It has been the consistent belief of the Catholic Church from the very beginning that the bread and wine consecrated at Mass truly become the Body and Blood of Christ; and that, furthermore, as the Catholic Catechism states, this“Eucharistic presence of Christ [which] begins at the moment of the consecration…endures as long as the Eucharistic species subsist.” (CC #1377). In other words, the Eucharistic Christ then continues to be present in our midst beyond the Eucharistic liturgy when the consecrated host is either reposed in a tabernacle or exposed on the alter.
Why Exposition of the Blessed Sacrament?
If we can adore the Eucharistic presence of Christ when reposed in a tabernacle, why do we then need to expose the Blessed Sacrament on an altar? It is not essential for exposition to take place to have Eucharistic adoration, yet people report experiencing a greater sense of intimacy with Jesus and attentiveness of mind and heart to prayer when they are able to actually “see” our Eucharistic Lord. Moreover, according to Church regulations exposing the Blessed Sacrament for a period of time requires the presence of a sufficient number of people to be there and therefore fosters the commitment needed to establish and sustain a meaningful parish Eucharistic adoration program. But the best reason for having exposition of the Blessed Sacrament is simply that God wills it. During His Eucharistic discourse, Jesus made this unmistakably clear: “Indeed, this is the will of My Heavenly Father, that everyone who looks upon the Son, and believes in Him, shall have eternal life. Him I will raise up on the last day” (John 6:40).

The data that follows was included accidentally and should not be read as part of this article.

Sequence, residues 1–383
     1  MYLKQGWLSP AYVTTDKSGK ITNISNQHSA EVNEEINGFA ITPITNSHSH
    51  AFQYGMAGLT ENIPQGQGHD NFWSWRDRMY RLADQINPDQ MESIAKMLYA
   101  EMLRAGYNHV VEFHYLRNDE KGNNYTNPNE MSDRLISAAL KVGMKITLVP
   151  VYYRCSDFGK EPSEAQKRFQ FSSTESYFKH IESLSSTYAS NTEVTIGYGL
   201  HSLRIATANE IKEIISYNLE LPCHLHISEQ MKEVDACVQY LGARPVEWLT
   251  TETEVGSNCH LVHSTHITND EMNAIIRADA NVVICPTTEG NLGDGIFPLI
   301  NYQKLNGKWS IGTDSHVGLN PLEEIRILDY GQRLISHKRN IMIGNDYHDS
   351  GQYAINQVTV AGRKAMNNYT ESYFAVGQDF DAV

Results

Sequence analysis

We can find no symbol for the adversary of life, no symbol for the malignant obscurantism and the sneering malice that resist creation. To endow this thing which is in the way, this unfathomable depth of spiritual evil, with the vivid and imaginative life of a symbolic image would be to change its inherent nature. No adequate symbol can be found for evil, any more than a complete embodiment can be found for evil. Directly evil becomes personal it ceases to be evil, because personality is the supreme achievement of life. And directly evil is expressed in a living, objective, historic, mythological image it ceases to be evil, because such an image instantaneously gathers to itself some potency of creative energy. Evil is a positive thing, a spiritual thing, an eternal thing; but it is positive only in its opposition to creation, in its corruption of the soul, and in its subtle undermining of the divine moments of the soul by the power of eternal dreariness and disillusion.
Amén. El Cuerpo de Cristo. [Amen. The body of Christ.] Amén. La Sangre del Señor. [Amen. The blood of the Lord.] Eating your body, drinking your blood, we become what we receive. Amén. Amén.
1. Amén. We remember your dying and your rising. Amén. Y contigo, Señor, resucitamos. [And with you, Lord, we rise.] Amén.
2. Amén. Now we offer the sacrifice you gave us. Amén. Te ofrecemos, Señor, todo loque somos. [We offer you, Lord, all that we are.] Amén.
3. Amén. Lord, you make us one body and one spirit. Amén. En tu cuerpo, Señor, un pueblo santo. [In your body, Lord, a holy people.] Amén.
4. Amén. We find you when we serve the poor and lowly. Amén. A ti mismo servimos en los pobres. [You yourself we serve in the poor.] Amén.
5. Amén. We look forward to your return in glory. Amén. Esperamos el día de tu venida. [We hope for the day of your coming.] Amén.